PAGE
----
Computer 12 includes also subsystems that are typically be found in a computing device such as computer 12. Subsystems generally include an input/output (I/O) controller, a system memory (or random access memory “RAM”), a central processing unit (CPU), a display adapter, a communications port, a fixed hard drive disk, a network interface adapter, which in turn is coupled electrically to a network, and any other like subsystems. The use of a bus allows each of the subsystems to transfer data among subsystems and, most importantly, with the CPU, where the CPU might be a Sparc, an Intel CPU, a PowerPC, or the like. External devices can communicate with the CPU or other subsystems via the bus by interfacing with a subsystem on the bus. Thus, a monitor connects with the display adapter and relative pointing device (e.g., a mouse) connects through one of the communication ports. Some devices such as keyboard can communicate with the CPU by direct means without using the main data bus as, for example, via an interrupt controller and associated registers. Accord to some embodiments described herein, a game client and a messenger client operate to present a user with graphical information on a user interface for playing a game as well as notifying other friends of one's action of playing a game.
The network provides the communication means, such as physical inter-connective links comprising copper wire, fiber optic cable, or the like, for transmitting and receiving signals. Wireless communication means, such as radio waves or the like, are also understood to provide means to transfer information from a source to a destination.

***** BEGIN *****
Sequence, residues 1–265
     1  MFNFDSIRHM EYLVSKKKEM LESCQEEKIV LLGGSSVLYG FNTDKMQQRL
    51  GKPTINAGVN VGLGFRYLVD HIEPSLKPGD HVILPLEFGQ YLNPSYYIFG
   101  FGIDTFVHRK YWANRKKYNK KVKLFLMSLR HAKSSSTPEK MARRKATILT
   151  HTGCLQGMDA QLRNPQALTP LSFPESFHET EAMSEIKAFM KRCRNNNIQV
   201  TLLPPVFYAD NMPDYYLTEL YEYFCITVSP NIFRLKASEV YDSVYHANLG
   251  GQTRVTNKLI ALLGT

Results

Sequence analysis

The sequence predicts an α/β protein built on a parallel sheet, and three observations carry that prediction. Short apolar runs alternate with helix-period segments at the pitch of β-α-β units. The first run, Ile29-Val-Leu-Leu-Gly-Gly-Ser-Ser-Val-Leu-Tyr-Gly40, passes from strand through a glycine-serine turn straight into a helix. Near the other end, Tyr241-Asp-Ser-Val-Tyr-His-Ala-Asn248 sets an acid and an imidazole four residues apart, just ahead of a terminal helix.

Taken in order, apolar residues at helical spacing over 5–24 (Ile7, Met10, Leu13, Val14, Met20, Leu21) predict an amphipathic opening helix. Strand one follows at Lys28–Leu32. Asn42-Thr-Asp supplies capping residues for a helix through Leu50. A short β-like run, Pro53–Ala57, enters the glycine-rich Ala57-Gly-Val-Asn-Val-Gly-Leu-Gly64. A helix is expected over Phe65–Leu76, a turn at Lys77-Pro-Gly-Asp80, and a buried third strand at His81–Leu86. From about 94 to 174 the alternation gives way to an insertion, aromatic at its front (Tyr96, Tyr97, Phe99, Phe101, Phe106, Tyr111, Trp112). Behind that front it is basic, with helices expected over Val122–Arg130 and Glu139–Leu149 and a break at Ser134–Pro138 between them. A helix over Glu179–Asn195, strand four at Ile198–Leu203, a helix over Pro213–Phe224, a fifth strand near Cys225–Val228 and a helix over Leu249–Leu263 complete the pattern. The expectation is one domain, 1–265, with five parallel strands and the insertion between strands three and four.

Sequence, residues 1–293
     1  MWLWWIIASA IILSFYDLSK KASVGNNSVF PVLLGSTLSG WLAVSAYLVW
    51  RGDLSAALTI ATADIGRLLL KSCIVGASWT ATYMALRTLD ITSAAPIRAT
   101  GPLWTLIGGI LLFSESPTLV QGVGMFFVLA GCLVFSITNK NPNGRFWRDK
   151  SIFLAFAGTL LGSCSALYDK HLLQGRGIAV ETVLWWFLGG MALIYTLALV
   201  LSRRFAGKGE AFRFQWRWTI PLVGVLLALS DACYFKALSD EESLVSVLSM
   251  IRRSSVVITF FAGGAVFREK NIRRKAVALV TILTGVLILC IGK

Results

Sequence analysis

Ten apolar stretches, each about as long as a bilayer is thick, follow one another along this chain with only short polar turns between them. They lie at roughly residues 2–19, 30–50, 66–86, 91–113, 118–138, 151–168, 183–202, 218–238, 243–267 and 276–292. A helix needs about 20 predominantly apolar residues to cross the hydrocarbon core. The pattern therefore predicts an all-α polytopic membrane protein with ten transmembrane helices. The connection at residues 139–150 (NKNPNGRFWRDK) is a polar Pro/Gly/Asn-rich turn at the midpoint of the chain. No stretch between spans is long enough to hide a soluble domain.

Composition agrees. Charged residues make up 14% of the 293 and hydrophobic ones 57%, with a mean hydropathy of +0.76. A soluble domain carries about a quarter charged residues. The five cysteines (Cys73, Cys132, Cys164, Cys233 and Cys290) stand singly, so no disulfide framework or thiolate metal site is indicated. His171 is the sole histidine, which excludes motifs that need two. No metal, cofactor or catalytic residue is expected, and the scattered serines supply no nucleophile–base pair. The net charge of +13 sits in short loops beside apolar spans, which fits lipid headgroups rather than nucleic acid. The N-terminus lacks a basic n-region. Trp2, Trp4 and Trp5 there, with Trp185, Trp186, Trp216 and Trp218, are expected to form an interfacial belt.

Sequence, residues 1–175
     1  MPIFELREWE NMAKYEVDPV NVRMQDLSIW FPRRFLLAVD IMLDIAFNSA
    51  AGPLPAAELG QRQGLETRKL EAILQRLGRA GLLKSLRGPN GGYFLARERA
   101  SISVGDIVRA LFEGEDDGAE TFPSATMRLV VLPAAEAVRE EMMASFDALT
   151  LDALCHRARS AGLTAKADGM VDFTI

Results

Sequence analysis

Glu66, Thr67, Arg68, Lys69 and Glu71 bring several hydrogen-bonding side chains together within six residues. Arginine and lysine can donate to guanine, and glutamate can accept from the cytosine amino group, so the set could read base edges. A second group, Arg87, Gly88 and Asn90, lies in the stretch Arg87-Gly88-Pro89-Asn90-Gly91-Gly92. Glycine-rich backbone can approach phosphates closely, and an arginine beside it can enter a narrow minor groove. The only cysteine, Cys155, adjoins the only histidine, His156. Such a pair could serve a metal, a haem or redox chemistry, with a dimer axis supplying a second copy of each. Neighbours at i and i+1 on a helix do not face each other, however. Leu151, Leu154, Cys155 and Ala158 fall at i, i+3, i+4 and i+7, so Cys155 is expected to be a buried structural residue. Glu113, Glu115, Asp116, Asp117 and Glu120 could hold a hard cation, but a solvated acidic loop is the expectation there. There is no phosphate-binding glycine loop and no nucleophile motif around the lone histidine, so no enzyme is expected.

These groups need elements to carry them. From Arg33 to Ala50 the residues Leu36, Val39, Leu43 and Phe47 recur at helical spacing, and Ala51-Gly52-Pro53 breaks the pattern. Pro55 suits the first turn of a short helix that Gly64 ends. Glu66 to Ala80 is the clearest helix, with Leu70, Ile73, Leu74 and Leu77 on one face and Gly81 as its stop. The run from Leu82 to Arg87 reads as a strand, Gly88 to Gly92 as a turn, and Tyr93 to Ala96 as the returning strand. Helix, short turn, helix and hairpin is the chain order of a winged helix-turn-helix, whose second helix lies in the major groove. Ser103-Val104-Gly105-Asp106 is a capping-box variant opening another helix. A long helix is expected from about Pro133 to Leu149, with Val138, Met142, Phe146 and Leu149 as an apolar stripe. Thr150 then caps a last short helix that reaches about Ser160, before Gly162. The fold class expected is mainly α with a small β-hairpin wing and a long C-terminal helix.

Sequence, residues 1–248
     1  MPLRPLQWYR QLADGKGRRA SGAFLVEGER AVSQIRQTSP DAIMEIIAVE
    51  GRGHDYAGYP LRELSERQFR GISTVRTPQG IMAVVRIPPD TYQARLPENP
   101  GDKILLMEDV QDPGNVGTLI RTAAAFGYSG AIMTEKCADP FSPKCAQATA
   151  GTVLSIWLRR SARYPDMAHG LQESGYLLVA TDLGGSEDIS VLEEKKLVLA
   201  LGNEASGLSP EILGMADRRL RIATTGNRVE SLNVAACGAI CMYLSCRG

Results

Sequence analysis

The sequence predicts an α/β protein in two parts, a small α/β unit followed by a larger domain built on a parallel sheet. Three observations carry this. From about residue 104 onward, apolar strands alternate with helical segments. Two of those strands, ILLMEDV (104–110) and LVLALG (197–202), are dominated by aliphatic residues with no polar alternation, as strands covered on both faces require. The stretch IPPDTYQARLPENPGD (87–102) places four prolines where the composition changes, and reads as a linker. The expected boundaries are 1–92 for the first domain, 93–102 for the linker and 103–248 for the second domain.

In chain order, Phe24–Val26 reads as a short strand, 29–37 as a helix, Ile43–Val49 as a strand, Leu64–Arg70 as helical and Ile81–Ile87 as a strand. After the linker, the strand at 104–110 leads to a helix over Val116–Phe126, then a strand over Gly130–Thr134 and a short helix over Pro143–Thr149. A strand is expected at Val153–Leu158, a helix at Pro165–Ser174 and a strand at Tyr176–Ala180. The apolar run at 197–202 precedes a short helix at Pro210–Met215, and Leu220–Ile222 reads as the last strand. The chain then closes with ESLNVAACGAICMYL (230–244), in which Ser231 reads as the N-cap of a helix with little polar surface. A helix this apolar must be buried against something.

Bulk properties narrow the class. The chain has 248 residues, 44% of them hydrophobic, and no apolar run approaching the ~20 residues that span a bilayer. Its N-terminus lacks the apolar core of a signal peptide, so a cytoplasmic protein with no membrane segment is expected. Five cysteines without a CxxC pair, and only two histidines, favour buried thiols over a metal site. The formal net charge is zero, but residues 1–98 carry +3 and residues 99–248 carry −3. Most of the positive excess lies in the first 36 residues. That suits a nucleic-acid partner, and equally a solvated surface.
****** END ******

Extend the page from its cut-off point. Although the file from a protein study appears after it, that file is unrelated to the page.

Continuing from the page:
As is well known in the art of network communications, networks are configured to communicate electrical information, such as a computer data signal comprising data (e.g., binary data bits) superimposed upon a radio or any other carrier wave. A person having ordinary skill in the are would appreciate that a carrier wave is electromagnetic energy propagated from a source by radiation, optical or conduction waves and is suitable for embodying an information-bearing signal, such as a computer data signal. In one embodiment, a carrier wave behaves, or is modulated, according to a network protocol, such as Ethernet, IEEE 1394, TCP/IP, or any other communication protocol, so as to include computer data information. The carrier wave can be, for example, a direct current, an alternating current, or a pulse chain. In modulation of the carrier wave, it may be processed in such a way that its amplitude, frequency, or some other property varies so as to embody data for transfer.